One question we commonly hear is, “What should I do with used aerosol cans generated at my facility? Are they regulated as a hazardous waste?” Regulations on aerosol can disposal are different for commercial users than for residential users, and knowing the difference is key to complying with EPA and state regulations.
When you use aerosol cans at home, they are excluded from the EPA’s definition of hazardous waste and do not need to be discarded in any particular way. However, when you generate them at a commercial or industrial facility, regulations from the EPA’s RCRA (Resource Conservation and Recovery Act) apply.
Which federal regulations apply to commercial aerosol containers depends in part on what’s inside them, and in part on what they’re made of. The applicable regulatory categories are Hazardous Waste and Scrap Metal.
If the aerosol can originally contained a substance that is classified as a hazardous waste, then the can itself is also a hazardous waste, unless it can be emptied to less than 3% by weight of the total capacity of the container.
In addition, the propellant in most aerosol cans is classified as hazardous waste. Unless the can is completely emptied of propellant, regardless of the amount of substance remaining in the can, the can itself is considered a hazardous waste.
If an aerosol can has been punctured and drained completely of its contents, it meets the definition of scrap metal. Scrap metal that is empty and recycled is exempt from RCRA regulation, and does not qualify as hazardous waste. However, if it is not recycled, it is still subject to hazardous waste regulations.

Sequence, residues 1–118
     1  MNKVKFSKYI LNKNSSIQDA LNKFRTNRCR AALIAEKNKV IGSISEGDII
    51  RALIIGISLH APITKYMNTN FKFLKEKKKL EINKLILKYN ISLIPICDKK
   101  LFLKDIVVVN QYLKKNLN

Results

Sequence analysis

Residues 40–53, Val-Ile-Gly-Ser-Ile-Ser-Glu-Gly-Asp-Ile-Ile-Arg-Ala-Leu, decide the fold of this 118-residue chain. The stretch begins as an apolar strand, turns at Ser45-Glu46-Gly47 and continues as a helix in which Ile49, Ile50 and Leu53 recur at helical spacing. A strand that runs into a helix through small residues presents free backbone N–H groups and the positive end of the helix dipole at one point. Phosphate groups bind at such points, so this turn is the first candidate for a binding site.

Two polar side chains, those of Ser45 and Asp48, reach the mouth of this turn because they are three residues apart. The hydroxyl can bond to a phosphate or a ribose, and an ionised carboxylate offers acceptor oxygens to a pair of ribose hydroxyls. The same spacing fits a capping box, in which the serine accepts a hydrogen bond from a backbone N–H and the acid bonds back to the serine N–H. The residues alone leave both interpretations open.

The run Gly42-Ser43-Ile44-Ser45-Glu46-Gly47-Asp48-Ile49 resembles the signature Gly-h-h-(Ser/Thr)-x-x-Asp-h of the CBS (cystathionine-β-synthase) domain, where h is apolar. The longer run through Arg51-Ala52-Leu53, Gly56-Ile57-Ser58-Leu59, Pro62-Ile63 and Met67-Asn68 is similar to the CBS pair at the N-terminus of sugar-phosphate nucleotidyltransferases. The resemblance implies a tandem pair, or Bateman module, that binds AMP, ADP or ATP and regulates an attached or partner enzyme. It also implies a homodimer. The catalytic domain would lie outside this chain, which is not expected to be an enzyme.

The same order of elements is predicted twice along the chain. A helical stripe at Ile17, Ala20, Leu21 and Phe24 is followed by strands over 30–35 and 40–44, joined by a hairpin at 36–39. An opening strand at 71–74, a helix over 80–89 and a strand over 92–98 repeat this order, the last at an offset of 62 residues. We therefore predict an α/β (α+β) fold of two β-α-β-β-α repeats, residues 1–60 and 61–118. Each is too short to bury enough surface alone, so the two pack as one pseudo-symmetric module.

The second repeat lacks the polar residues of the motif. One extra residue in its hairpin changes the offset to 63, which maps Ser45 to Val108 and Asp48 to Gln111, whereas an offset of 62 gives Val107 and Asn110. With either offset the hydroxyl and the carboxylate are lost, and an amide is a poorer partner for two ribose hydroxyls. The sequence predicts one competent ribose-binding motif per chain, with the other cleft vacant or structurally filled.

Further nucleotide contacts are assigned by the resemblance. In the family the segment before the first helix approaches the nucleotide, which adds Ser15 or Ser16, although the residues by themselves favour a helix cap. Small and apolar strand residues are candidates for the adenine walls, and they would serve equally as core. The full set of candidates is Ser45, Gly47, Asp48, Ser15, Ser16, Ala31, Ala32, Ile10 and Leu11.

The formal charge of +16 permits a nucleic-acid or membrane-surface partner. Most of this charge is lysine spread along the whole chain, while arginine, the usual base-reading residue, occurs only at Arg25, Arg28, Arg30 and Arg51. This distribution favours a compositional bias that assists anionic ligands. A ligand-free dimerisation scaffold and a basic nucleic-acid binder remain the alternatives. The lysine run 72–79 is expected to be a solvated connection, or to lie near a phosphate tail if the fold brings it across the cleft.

Many states have adopted their own approaches to aerosol can disposal, so it is important to check your state’s regulations. For instance, California and Colorado classify aerosol cans as a universal waste, making them subject to a more stringent set of regulations. Florida does not have separate regulations for aerosol cans, so only federal guidelines must be met.
The Disposal Process Matters
If you intend to puncture, shred, or crush aerosol cans, the equipment used to conduct these activities must be safe and environmentally sound, and you must ensure no propellant is in the can. To ensure that your recycling program meets EPA requirements, you should contact the appropriate EPA Regional Office or an authorized state agency to inspect your facility and process.
How to Minimize Usage of Aerosol Cans
Collecting, managing, and disposing of used aerosol cans can be costly. You can minimize your disposal costs by phasing out aerosol cans and replacing them with reusable spray bottles or refillable pumps. If you must continue to use aerosol cans, reduce costs by educating employees to:
- Purchase only the amount needed.
- Use partially full containers until empty.
- Dispose of partially full or empty containers as directed by manufacturer’s label and safety data sheets.
For help in designing an EPA-approved aerosol can disposal process, contact one of GLE’s environmental engineering specialists today.